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Summer SAVY, Session 4 Day 4, Page to the Stage (7th – 8th)

Posted by on Thursday, July 11, 2024 in blog, SAVY.

Thank you for our Thursday!
Today was another grand day, my friends. I’m so grateful to you for how you’ve grappled with the more complex tools and terms introduced during this class. Of course, I’m equally appreciative for how you’ve embraced our intentional sense of play.
Our morning began as all our mornings have begun: with games and Daily Pages. Our circle game took a big leap forward – and, believe it or not, it even tied back to yesterday’s pedagogy; the version of the game we played this morning is actually how some storyweaving sessions are introduced! Pew! Pew! Pew! added several new moves, and in 1 – 7 we saw the dramatic crowning of a new set of champions. Kudos, all!
As for your Daily Pages: congratulations, you’ve hit the 8-minute mark. And you did it without breaking a sweat. I strongly encourage you to continue with 8-minute Daily Pages when our class wraps. If you’re so inclined, this practice will continue to offer insight and inspiration.
After a brief rehearsal, we presented your adaptation of Kurt Vonnegut’s “Harrison Bergeron,” followed by a productive Liz Lerman Critical Response Process. I so enjoyed your presentation, and I’m looking forward to where your next iteration(s) will go. Allow the way, we dug into some heady concepts; please share with your parents your understanding of the Benign Violation Theory and the Peak-End Heuristic.
We unpacked four new precepts, using again a kinesthetic, expressive community-building exercise to foster discussion about these new ideas. I love that our room is adorned with your creative efforts, as well as the great words of great artists. Today’s quotations included:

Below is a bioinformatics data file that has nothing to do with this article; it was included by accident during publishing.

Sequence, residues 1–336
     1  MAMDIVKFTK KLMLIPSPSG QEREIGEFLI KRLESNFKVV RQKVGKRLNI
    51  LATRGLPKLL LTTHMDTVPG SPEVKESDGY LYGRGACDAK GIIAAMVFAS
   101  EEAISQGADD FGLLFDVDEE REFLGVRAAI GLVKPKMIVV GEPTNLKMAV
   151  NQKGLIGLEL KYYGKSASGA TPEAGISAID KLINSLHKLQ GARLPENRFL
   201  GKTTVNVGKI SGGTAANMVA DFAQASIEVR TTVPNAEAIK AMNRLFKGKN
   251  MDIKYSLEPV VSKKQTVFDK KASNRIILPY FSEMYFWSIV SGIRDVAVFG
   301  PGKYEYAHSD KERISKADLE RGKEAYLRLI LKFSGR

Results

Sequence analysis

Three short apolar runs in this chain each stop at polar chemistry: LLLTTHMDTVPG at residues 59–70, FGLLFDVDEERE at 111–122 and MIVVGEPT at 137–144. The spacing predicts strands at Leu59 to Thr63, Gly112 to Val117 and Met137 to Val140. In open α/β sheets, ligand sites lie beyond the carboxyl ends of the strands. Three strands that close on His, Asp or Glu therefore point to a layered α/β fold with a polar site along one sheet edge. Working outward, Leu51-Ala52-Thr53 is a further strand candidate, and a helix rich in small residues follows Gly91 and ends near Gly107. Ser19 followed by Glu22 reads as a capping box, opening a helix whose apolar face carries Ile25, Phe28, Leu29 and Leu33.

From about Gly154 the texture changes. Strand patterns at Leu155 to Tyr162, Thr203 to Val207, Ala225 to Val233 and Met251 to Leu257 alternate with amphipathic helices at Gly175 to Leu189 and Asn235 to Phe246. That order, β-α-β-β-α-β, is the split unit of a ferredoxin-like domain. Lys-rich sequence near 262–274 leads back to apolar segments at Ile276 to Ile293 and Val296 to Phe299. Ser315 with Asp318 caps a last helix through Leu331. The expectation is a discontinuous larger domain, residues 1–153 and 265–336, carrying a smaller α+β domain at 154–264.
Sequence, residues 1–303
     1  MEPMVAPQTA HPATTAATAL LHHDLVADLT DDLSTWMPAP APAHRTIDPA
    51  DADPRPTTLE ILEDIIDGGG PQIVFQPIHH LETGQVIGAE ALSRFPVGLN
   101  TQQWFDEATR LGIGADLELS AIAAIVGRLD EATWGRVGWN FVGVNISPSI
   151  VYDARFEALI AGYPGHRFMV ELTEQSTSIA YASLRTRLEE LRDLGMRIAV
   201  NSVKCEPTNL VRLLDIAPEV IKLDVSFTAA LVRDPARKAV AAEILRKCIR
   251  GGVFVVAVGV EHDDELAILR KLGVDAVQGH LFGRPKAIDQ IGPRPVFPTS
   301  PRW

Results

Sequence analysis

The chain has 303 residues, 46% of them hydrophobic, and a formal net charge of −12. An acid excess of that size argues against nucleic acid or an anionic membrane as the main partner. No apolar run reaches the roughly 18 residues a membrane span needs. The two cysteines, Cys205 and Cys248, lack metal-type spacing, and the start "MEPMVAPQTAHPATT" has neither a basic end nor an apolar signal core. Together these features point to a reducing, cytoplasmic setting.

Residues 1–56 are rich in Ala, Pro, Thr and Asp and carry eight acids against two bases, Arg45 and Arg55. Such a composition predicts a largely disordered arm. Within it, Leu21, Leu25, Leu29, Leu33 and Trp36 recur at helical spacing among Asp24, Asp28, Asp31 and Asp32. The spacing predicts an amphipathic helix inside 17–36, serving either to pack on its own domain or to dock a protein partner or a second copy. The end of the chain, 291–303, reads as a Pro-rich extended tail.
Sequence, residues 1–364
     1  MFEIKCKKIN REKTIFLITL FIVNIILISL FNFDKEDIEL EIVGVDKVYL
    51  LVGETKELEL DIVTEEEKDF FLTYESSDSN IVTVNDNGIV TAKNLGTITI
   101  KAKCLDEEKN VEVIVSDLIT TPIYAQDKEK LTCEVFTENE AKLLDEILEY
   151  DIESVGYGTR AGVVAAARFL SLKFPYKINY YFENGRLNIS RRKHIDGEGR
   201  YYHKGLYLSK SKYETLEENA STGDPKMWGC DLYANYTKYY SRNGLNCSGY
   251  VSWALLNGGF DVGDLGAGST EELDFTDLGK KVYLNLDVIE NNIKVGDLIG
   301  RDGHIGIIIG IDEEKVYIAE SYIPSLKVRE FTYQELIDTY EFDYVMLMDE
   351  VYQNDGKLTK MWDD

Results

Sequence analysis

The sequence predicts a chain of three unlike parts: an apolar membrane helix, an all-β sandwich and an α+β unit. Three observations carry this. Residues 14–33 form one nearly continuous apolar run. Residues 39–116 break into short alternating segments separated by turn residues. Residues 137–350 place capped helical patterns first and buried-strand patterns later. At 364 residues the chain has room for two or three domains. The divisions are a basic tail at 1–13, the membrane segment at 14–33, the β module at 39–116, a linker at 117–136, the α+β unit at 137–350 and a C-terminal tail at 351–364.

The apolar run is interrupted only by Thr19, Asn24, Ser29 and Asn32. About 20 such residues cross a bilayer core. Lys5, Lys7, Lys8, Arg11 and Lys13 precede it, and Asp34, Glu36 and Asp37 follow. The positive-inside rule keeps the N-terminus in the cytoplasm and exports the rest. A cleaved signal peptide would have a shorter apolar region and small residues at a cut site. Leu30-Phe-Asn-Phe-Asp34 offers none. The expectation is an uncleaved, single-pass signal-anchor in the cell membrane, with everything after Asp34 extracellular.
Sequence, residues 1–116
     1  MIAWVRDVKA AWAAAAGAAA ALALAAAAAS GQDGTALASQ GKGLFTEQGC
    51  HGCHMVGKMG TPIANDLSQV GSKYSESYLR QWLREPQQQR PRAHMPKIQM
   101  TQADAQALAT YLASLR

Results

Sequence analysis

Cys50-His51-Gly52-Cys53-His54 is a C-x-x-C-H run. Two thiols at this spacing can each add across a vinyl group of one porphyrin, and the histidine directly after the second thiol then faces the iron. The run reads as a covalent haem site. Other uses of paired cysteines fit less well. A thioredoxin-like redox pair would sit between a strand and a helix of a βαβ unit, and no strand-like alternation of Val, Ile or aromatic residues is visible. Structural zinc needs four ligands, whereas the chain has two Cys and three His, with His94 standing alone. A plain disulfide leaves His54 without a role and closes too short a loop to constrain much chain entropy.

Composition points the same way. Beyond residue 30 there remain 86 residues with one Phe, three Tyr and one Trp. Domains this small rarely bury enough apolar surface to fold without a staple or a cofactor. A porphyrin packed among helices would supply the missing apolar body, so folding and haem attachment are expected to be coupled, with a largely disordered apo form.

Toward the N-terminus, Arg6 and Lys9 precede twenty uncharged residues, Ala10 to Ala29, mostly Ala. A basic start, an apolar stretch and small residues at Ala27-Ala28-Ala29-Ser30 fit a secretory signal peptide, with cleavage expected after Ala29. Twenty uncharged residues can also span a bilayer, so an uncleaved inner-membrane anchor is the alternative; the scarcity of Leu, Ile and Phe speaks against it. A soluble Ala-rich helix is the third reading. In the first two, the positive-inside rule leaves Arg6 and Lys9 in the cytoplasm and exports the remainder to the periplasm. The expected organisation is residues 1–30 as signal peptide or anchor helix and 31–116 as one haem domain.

“Creation is everything you do. Make something.” 
— Ntozake Shange
“As you stand on the shoulders of those who have paved the way for you to tell our stories be fearless!”
— Tim Bond
“Whatever art form you’re working in, it’s crucial to see it clearly, to feel it clearly, and not to worry about the results, or how someone else will see it.”
— Omar Epps
“The greatest wisdom is to realize one’s lack of it.”
— Konstantin Stanislavski
After lunch, we read Frank R. Stockton’s seminal short story “The Lady or the Tiger.” I love this story, in part because it gives a name to a type of impossible choice that I think all great stories should feature; I love watching what happens when characters have their backs against the wall and must choose between imperfect – and mutually exclusive — outcomes. Then, working both collectively and independently, you analyzed Stockton’s story using all of the tools we’ve thus far explored during our course.  And with this analysis in hand, you drafted another new short play, adapted from “The Lady or the Tiger.”
We closed our day exploring the fourth element of Aristotle’s hierarchy, Diction. Specifically, we dove into the theories of the influential Russian theatre practitioner Konstantin Stanislavski, and the power of allowing subtext to either rise to the surface or to float deep in submerged language. Remember, per Stanislavski, “Spectators come to the theatre to hear the subtext. They can read the text at home.”
If you allow your characters to speak their subtext, they will always surprise you! All you have to do is listen.
Thank you again, my friends. What a wonderful day! Let’s have one more tomorrow.
Captain Hawaiian Shirt